Biden's jobs plan is big, but not as comprehensive as the Green New Deal's. He pledges to create millions of new jobs by retooling the auto industry for low-emission vehicles, building infrastructure for a green future, upgrading millions of buildings to be more energy efficient, constructing 1.5 million new sustainable housing units, and cleaning up pollution from oil and gas wells and coal mining sites.

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"When Donald Trump thinks about climate change, he thinks 'hoax.' I think 'jobs'," Biden has said. He aims to provide additional jobs out of the pandemic by boosting this green energy economy.

Climate change is also expected to continually increase major stresses on America's already aging infrastructure. To address this, both plans call for major investments to, as the Green New Deal puts it, "meet the challenges of the 21st century." Biden's plan calls for making "smart infrastructure investments to rebuild the nation and to ensure that our buildings, water, transportation, and energy infrastructure can withstand the impacts of climate change."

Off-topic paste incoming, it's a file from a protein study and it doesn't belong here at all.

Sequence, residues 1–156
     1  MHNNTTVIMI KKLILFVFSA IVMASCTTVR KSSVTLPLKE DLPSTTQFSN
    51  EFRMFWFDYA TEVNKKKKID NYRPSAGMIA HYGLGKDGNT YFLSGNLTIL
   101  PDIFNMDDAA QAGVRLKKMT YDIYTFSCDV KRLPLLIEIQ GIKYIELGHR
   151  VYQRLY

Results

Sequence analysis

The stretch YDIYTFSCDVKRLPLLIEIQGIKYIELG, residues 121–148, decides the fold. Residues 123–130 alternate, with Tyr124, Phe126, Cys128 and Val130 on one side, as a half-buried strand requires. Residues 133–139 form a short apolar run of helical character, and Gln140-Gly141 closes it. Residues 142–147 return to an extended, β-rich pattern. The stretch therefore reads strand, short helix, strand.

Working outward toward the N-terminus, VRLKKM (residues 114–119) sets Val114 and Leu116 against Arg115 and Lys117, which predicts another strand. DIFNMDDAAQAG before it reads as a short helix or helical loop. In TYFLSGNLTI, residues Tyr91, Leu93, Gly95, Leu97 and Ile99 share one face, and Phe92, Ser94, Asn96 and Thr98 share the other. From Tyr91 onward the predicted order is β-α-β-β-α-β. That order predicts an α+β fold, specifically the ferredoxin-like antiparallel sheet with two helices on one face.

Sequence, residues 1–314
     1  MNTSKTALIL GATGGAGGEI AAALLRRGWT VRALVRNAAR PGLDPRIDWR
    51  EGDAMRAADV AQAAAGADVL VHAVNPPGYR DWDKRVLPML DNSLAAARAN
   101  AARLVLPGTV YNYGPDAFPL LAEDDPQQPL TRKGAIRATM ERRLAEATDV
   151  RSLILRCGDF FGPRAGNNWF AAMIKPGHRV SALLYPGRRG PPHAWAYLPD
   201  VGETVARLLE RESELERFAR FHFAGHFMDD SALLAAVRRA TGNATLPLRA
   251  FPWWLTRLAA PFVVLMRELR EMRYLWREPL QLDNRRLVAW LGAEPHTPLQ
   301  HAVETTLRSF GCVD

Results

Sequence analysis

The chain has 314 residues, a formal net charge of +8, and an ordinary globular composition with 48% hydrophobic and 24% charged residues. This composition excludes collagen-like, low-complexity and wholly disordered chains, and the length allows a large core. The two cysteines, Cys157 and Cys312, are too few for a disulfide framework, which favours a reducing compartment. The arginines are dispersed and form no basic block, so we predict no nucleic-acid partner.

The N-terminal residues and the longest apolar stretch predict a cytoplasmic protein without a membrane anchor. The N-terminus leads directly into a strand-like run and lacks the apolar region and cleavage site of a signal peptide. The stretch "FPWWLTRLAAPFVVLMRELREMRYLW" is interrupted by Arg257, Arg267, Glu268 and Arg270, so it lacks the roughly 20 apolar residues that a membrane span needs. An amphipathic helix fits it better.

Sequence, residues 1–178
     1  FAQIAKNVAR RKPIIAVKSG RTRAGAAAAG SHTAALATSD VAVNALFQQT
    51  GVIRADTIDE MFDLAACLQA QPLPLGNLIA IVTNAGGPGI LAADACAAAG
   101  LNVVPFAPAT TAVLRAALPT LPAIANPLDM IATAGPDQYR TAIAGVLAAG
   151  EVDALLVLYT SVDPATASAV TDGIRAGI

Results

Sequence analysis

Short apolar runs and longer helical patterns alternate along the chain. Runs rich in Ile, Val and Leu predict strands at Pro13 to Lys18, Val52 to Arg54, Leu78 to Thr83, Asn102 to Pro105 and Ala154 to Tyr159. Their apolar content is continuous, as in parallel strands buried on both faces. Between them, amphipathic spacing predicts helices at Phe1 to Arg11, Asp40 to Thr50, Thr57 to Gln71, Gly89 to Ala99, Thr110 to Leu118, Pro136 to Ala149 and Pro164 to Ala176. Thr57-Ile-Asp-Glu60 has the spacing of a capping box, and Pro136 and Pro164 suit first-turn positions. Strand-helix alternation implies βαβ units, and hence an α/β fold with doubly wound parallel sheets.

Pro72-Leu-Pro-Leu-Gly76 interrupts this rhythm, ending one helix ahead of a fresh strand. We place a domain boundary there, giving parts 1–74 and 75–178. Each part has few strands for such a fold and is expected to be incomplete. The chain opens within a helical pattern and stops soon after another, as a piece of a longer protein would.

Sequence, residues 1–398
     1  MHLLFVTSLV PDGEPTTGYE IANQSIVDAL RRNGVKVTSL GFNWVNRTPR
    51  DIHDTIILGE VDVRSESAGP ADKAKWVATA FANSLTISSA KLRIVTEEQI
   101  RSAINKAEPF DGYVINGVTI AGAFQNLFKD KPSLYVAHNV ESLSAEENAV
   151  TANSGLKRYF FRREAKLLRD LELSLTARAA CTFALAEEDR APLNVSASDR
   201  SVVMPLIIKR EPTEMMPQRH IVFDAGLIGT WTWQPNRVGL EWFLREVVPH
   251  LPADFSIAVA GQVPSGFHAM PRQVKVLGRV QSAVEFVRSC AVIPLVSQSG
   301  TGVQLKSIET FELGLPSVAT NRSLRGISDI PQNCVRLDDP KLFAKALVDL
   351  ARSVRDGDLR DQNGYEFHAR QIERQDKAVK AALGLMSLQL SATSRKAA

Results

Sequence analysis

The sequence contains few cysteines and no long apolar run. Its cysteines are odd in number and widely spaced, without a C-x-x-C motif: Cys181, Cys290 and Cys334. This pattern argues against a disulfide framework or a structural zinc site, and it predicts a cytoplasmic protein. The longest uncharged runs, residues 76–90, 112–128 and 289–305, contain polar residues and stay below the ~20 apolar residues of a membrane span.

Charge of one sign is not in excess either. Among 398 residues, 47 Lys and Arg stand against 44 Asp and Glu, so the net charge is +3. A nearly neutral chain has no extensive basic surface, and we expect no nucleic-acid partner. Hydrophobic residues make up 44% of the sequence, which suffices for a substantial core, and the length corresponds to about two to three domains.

However, on housing, Biden's proposal to build 1.5 million new sustainable housing units is far short of the lofty ambitions of the Green New Deal, which calls for "providing all people of the United States with affordable, safe, and adequate housing."

Carbon emissions and fracking

On emissions reductions, Biden's plan calls for a carbon pollution-free U.S. power sector by 2035, with net-zero emissions throughout the economy by 2050. The Green New Deal's timeline is more aggressive, calling for a 10-year national mobilization to generate "100 percent of the power demand in the United States through clean, renewable, and zero-emission energy sources."